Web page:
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Inca mummies found in Peru.

The first ice-encrusted corpse turned up in September atop a 20,700-foot peak in the Peruvian Andes. There, a teenage girl's frozen body protruded from a rocky outcrop. Shown at left in an eerie mug shot, she wore a fancy feather headdress and was wrapped in woven material. Pottery and small statues surrounded her lifeless form.

In October, investigators climbed back up the mountain and found two more frozen corpses at a slightly lower elevation. A girl of perhaps 10 to 12 years was found wearing a headdress; around her was a large stash of pottery. Nearby were the largely skeletal remains of a teenage boy. Again, woven material was wrapped around both bodies.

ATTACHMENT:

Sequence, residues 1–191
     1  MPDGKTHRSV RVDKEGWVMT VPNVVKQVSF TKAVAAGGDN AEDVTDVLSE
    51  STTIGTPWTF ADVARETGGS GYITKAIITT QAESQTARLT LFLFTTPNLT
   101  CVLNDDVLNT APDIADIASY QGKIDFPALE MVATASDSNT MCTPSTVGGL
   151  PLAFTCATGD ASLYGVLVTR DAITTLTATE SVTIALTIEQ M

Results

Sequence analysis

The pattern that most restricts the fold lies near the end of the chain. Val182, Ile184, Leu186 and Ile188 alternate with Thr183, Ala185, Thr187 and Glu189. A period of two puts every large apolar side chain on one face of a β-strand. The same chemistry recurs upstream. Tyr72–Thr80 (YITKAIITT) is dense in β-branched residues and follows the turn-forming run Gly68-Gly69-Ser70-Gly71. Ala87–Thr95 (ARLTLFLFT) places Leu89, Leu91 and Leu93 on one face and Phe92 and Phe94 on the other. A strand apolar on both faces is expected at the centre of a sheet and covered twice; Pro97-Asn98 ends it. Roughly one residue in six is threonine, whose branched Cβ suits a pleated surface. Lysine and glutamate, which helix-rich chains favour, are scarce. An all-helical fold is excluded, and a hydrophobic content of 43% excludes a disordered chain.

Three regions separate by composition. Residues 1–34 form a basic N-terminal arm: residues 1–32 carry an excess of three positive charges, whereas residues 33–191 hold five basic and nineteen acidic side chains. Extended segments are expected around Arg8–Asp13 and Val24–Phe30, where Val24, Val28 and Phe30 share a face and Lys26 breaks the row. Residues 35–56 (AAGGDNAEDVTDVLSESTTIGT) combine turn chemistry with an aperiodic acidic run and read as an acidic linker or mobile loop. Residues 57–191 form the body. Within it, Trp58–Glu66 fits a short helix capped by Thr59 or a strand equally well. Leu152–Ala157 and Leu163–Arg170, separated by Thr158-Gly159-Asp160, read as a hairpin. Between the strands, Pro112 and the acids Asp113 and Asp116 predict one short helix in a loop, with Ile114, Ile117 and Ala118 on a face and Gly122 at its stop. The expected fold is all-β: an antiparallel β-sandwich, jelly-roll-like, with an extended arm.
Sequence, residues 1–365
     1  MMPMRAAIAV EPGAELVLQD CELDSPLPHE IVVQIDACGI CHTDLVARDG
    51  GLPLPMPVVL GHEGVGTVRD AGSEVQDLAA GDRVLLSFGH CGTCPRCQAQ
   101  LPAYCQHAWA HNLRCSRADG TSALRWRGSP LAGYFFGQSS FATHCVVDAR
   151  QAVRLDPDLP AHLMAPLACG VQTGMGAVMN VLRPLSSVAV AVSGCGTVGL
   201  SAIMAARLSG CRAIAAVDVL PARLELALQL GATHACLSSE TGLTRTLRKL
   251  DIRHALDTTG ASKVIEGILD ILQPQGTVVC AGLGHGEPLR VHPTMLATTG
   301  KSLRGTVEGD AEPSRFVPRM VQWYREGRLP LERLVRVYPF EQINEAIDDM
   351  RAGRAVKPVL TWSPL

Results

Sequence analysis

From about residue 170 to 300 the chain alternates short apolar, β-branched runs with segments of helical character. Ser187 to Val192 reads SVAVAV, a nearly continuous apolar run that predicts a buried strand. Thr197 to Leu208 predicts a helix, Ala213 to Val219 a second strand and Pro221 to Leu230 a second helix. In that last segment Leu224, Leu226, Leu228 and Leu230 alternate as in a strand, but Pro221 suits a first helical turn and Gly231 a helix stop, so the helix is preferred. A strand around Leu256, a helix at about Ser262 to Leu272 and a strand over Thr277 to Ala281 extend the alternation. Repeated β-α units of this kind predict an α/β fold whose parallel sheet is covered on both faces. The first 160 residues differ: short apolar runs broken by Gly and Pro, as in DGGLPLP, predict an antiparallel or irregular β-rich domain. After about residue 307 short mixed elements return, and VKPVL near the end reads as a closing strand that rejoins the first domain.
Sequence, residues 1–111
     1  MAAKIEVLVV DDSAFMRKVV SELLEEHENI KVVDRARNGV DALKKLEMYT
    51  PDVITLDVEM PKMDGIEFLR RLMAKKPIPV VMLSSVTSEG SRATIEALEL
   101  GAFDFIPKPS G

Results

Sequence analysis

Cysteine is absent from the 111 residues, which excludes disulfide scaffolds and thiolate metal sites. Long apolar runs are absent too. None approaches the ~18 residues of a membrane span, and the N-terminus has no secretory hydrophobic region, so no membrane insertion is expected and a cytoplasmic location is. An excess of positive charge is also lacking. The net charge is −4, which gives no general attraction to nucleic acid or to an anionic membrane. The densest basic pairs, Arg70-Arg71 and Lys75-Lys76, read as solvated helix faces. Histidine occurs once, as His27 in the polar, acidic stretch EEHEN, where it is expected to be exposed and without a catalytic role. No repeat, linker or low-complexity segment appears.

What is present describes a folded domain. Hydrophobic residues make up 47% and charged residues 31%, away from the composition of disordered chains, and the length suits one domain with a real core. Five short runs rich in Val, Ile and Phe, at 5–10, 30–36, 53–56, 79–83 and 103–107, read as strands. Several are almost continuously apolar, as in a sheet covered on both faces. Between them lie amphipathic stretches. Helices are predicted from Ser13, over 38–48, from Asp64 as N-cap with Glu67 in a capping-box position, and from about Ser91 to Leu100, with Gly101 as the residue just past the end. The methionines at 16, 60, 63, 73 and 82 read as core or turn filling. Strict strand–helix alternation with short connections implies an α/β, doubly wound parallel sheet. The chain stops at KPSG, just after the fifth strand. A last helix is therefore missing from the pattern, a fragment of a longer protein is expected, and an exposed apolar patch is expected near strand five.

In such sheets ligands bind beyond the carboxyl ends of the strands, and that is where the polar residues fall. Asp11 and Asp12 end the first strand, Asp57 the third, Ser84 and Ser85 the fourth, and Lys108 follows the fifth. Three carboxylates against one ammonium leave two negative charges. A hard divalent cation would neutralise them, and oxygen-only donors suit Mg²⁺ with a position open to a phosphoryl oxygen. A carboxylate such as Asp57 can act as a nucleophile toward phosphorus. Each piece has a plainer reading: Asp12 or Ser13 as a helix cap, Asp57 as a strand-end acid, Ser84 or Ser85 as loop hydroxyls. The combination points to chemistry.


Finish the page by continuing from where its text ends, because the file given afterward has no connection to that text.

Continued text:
The three mummies apparently represent sacrificial offerings made by the Inca to their gods around 500 years ago, asserts Johan Reinhard, an archaeologist at the Field Museum of Natural History in Chicago. Reinhard codirected the expeditions that made the discoveries.

An ongoing eruption at a nearby volcano in the Andes melted enough snow to reveal the corpses and their burial sites, Reinhard says.

The mummies are now in storage in a freezer at the Catholic University of Santa Maria in Peru. Scientists plan to unwrap the bodies this month and examine preserved organs, tissue, and fluids. They hope to recover undamaged DNA for genetic analysis. Artifacts found with the mummies, such as the headdress-bedecked statuette shown at right, will provide a rare glimpse of Inca sacrificial rituals, according to Reinhard.
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Publication:Science News
Article Type:Brief Article
Date:Nov 11, 1995
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